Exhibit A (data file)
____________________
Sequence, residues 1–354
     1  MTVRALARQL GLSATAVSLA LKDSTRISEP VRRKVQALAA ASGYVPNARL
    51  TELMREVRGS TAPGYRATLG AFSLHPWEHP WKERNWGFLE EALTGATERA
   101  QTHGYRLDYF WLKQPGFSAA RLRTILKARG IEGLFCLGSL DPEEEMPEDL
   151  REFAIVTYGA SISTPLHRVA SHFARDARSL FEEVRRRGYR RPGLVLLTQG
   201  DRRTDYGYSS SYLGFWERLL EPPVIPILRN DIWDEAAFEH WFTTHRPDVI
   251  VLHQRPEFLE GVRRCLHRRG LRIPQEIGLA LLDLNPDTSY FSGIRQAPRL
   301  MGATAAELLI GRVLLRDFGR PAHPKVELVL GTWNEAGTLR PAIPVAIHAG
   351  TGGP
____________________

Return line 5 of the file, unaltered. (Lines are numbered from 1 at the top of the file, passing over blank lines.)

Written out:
   151  REFAIVTYGA SISTPLHRVA SHFARDARSL FEEVRRRGYR RPGLVLLTQG